Swing Noir night @ Henriken

As published on henriken.no.

On a Saturday night that bites with a late Autumn wind in Oslo, listen carefully and you may just hear the hint of saxophone being carried on the wind. Follow the sound through the dimly-lit streets, led by the flare of trombone and hum of double bass, until you find yourself standing outside Henriken. Do you hear that? The vibration filling the cool air? With numb fingers you pull open the door and are hit with a burst of laughter, the smell of burning candles and the sound of winklepickers stamping the floor.

Welcome to Swing Noir night.

Stepping into the cafe glowing in pink light, you feel like you’re joining in on a secret. While nightclubs are overflowing and families are settling down for evening TV elsewhere in the city, here dancers swing their hips to the sounds of the 40s in a cafe the size no larger than a lounge. People turn to see who’s entered but it’s not a look that makes you feel like you’re encroaching. It’s inviting, yet there’s no pressure to dance. Sit back and bathe in the in the feeling of being transported to an era somewhat more elegant than our own.

Swing noir night
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Become an entrepreneur in 54 hours

Startup weekend Oslo

Startup Weekends are a global event, so wherever you are in the world, read on. Oslo Startup Weekend kicks off with a Microsoft pitch-training and app-making course tomorrow (10th October) and with it the opportunity for you to become an entrepreneur. Yes, you. Do you find yourself day-dreaming about business or tech ideas that you believe are truly awesome but you keep telling yourself, “I don’t have what it takes to make it happen” or “I don’t even know where to begin with this”? Then this weekend is for you. Even if you’re just a big, over-flowing bag of confidence, this weekend is for you.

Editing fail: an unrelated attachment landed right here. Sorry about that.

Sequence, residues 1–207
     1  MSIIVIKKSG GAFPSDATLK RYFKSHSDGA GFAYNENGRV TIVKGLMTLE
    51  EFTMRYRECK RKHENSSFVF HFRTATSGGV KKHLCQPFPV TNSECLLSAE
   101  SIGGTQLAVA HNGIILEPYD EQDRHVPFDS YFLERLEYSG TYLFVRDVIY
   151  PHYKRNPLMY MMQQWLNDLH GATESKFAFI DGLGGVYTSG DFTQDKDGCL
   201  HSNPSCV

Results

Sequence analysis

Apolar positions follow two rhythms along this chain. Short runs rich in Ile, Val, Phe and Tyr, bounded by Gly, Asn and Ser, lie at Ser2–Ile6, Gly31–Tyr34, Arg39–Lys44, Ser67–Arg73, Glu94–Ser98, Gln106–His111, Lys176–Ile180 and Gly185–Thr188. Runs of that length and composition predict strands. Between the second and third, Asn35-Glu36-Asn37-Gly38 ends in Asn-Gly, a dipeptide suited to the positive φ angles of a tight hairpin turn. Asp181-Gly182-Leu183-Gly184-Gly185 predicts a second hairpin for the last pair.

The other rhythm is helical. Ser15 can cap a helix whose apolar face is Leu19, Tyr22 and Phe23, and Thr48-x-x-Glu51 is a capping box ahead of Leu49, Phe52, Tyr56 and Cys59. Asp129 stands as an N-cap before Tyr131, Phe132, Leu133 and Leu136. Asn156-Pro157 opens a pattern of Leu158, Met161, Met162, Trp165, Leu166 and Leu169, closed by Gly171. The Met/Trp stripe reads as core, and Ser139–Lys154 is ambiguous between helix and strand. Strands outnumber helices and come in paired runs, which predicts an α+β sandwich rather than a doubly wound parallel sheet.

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For the love of scrapbooking!

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As much as a nuisance it is to my boyfriend, I love junk mail and I think you should too. When our letter box is overflowing with catalogues and take-away menus, I haul those beauties upstairs before he has the chance to chuck them. To me, that pile of papers is a gateway to inspiration and a guide to achieving my goals, both career-wise and on a more personal level.

Here’s why: I scrapbook. When I’m having a mental breakdown because I can’t control what’s going in my life or if I’m having a day when I feel like I can take on anything the world throws at me, I attack my magazines and junk mail with scissors and I stick those shoddily cut out quotes, dresses and holiday destinations in my scrapbook. Once I’m done, I put it away and I make sure to only look at it when I need a reminder of what exactly it is I want to achieve, whether on a day-to-day basis or in the future.

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I’m keeping my chin up!